Dad was a hard worker and a good provider. It must have been hard but we never went without. He did not have a high school diploma having been raised during the depression and was needed to help out on the farm. He was, however, one of the smartest people I have ever met. Not only did he have good common sense, he was self-taught on just about any subject because of his love for reading and hunger for knowledge. He worked 6 days each week, was loved by his co-workers, customers, friends, and most of all by his family. He taught us the value of hard work and the rewards it offers.  Dad would say there was nothing like ending a day tired and knowing a job was well done. Each evening when he arrived home he would embrace our mom in a big hug  to give her a great big kiss! My friends were astonished when they saw this as many of them had never seen their parents show affection to each other. Then in turn, he would kiss each one of us. He taught us to show love and affection.

Dad also instilled into us to be honest. The  value of telling the truth ranked very high with him. Honesty, integrity, and fairness. He was our guide. He was loving but we knew the boundaries.

As adults we still had the great love and respect for him. He was not our friend, he was our dad and as our dad he was one of a kind. We could laugh, talk, argue, or whatever but before we went to bed at night or left for our own homes, he would kiss us good-night and his love was ever faithful.

With his love of reading we became readers. With his love of poetry we learned to love poetry. With his kindness we learned to give kindness. He taught his four daughters to be women and his two sons to be men. He always had a joke to tell and loved talking about life. He loved sitting at the head of the dinner table-to look out over his family and count his blessings.   He always cooked the Thanksgiving turkey, made the stuffing, cooked the roasts throughout the year and when he retired he even learned to bake.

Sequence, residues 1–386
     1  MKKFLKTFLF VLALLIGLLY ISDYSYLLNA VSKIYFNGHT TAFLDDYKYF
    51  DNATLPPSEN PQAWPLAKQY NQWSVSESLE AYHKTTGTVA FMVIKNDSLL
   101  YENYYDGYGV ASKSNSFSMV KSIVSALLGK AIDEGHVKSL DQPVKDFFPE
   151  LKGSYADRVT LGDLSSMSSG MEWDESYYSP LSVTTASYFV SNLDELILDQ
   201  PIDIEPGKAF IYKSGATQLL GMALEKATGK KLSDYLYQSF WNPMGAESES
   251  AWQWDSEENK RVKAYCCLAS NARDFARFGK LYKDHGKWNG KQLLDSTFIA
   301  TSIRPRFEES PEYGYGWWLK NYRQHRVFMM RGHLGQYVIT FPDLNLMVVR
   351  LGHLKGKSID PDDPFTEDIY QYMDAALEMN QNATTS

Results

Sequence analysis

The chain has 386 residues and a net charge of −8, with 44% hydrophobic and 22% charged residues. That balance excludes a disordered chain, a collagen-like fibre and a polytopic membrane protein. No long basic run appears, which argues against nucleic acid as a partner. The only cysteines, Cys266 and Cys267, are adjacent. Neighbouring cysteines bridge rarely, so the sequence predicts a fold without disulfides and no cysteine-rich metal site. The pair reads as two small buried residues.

Our parents were married almost 50 years before he died.  While he was the head of the family, our mom was his heart.


A few years ago we had our parents laid to rest at  Arlington National Cemetery and his last wish was fulfilled. He was in the Navy during WWII.  He was shown all the respect due each and every one of our servicemen and women.



Dad, I miss you. I am so thankful that God picked you to be my father. I am sorry I kept you up nights worrying. Thank you for your heart for family. You taught me so much.


I love you, Dad.





Do It Yourself

Have you ever had to watch your husband, significant other , or father “fix” something? If they are out of their area of expertise, it can be quite painful for the observer (or the gopher). I can remember my mom suffering through the home improvement projects that my father took on-some with more success than others. Not everyone has the fix it gene.

Things have not changed much (except no You Tube videos for my dad). When our dryer stopped heating, I suggested Thommmee try watching a YouTube video and see if he could fix it himself rather than spend the money calling out a repair tech. Reluctantly he agreed and was pleasantly surprised to find it did not look that difficult. He jumped online and ordered the part (which took a week to arrive while the laundry piled higher). The part came today just before I got home. I walked in to find the dryer pulled apart and him cursing up a storm.

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I tried to help where I could but mostly just tried to stay out of the way.

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I offered to get the Swiffer to clean the inside but that suggestion was not met favorably. (He finally got the hand-held vacuum and took care of business). Other than handing him a few key items, he managed to replace the igniter without much difficulty. I swept up and before you knew it mission accomplished. The dryer is working. A load of clothes is busily washing away and we will soon have a load of clothes in the dryer (and clean socks).

thI am so proud of Thommmee. I really thought he could do it-and he did!